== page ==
Figure 2: Corn grain dry matter content for US samples analyzed by Rock River Laboratory since 2017.

Data Distillations_Corn Grain Dry Matter

What does a drier corn grain mean? Likely drier corn correlates with a harder (more mature) grain and less fermentation potential. Both of these factors affect rumen starch digestibility, which we can now better directly view via Figure 3. Rumen starch digestibility appears to be 5 to 10 units off of the 2017 crop, and these differences appear to be present through to April. Lesser rumen starch potential equates to alternate rumen microbial growth patterns and could be a contributing factor toward substantially greater milk components. Prior to today, the discussion has focused on silage, however, the story looks to extend to grains as well.

Figure 3: In situ rumen starch digestibility (percent of starch, 7 hr) for US samples analyzed by Rock River Laboratory since 2017.

Data Distillations_In Situ Starch D in Corn Grain

To check grain potential, consider checking both fecal starch (to assess total tract starch digestibility, for dairy or beef manure) and grain rumen starch digestibility. Consult with the Rock River Laboratory nutrition support team for additional guidelines, and to help with results interpretation.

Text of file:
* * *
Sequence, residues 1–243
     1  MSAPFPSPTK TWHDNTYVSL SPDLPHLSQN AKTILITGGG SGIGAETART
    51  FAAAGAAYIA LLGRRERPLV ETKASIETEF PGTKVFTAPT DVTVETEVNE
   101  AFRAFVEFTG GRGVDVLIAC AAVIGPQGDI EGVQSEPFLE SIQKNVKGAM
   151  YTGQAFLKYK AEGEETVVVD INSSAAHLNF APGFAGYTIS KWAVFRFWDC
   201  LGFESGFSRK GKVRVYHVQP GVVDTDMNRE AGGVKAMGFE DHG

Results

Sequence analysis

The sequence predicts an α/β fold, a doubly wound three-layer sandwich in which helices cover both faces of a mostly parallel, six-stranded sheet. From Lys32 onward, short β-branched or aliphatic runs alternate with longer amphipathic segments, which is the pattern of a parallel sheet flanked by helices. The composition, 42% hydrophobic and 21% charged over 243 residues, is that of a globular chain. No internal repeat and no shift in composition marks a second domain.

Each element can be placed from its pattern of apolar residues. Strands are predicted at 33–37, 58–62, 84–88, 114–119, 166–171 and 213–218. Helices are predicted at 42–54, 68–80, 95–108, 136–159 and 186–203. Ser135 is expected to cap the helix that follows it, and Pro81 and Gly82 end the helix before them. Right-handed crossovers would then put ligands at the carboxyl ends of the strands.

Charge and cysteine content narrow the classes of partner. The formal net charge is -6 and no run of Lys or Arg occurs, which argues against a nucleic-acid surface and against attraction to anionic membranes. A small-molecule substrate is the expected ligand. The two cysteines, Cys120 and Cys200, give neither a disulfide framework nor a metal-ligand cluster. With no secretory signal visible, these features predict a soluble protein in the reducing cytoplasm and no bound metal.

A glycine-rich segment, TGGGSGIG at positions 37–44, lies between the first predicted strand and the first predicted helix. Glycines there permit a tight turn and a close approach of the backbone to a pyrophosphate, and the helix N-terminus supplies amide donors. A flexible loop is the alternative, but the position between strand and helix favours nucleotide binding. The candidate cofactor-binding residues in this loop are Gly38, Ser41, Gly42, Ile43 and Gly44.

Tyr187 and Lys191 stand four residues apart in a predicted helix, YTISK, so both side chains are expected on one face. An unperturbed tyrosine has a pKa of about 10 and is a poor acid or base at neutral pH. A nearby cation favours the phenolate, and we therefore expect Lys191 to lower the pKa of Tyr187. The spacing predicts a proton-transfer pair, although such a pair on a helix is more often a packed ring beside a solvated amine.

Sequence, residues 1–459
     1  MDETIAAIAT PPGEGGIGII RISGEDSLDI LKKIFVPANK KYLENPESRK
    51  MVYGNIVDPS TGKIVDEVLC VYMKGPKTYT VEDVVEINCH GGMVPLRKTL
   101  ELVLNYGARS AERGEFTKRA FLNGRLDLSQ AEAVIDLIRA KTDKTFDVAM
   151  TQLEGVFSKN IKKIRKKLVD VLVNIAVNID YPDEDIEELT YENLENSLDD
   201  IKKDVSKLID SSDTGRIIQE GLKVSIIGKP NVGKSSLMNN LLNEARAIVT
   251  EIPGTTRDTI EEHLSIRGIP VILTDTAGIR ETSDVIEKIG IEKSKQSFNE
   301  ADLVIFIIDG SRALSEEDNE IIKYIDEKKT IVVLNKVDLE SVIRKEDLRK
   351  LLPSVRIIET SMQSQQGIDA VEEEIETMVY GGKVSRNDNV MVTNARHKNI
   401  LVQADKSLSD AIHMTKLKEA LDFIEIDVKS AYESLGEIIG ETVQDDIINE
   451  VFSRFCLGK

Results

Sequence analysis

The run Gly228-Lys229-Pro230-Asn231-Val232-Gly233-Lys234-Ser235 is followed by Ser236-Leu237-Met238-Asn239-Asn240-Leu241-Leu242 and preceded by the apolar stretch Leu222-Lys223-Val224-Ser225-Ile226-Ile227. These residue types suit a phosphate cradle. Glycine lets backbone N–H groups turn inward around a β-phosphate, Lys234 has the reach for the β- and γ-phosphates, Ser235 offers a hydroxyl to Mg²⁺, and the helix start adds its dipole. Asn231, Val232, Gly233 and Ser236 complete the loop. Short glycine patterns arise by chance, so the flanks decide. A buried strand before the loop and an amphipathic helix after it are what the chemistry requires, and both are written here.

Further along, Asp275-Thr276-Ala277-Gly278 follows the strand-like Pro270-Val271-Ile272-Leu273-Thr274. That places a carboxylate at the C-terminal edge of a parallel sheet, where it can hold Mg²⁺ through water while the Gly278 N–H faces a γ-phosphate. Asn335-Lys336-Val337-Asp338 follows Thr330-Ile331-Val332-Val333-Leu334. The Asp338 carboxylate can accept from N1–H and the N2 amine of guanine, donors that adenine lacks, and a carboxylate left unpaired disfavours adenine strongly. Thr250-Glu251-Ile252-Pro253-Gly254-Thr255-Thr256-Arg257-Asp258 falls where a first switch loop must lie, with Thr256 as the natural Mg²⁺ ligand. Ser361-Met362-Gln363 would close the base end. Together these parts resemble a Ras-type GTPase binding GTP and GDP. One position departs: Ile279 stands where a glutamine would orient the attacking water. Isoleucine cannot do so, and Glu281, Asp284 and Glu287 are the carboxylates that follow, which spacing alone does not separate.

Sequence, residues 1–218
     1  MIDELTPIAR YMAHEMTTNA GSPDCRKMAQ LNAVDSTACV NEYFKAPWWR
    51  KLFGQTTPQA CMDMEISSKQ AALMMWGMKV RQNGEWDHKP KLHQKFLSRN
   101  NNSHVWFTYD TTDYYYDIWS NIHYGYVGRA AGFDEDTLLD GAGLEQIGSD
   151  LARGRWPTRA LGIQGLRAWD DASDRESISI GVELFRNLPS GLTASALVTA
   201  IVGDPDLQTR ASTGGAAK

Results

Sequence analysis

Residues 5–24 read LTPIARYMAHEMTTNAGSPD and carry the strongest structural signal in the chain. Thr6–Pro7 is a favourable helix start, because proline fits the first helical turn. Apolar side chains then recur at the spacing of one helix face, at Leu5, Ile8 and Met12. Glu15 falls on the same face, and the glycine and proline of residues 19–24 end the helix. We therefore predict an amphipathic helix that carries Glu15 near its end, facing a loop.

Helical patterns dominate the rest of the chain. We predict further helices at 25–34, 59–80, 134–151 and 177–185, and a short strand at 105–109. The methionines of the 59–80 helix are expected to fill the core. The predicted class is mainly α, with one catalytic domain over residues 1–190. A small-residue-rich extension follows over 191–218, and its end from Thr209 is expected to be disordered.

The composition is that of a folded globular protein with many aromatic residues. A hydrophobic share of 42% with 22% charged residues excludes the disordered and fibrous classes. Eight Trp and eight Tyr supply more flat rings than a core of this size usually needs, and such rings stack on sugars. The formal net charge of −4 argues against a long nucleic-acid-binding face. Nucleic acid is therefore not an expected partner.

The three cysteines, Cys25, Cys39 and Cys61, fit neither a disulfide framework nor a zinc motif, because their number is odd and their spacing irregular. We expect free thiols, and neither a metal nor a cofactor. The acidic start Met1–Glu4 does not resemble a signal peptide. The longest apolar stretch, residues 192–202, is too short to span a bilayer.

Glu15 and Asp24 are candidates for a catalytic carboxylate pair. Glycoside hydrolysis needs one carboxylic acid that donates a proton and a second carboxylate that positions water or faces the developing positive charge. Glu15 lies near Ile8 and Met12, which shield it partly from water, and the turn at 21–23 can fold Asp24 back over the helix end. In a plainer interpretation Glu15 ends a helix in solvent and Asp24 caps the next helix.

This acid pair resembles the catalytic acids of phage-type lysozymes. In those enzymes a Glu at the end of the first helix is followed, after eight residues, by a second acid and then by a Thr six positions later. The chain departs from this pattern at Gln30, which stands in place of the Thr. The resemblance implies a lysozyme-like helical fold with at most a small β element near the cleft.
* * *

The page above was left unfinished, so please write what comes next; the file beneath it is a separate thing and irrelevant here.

Subscribe to receive Data Distillations alerts

* indicates required

Rock River Laboratory

Founded in 1976, Rock River Laboratory is a family-owned laboratory network that provides production assistance to the agricultural industry through the use of advanced diagnostic systems, progressive techniques, and research-supported analyses.  Employing a team of top specialists in their respective fields, Rock River Laboratory provides accurate, cost-effective, and timely analytical results to customers worldwide, while featuring unsurpassed customer service.

Copyright all rights reserved.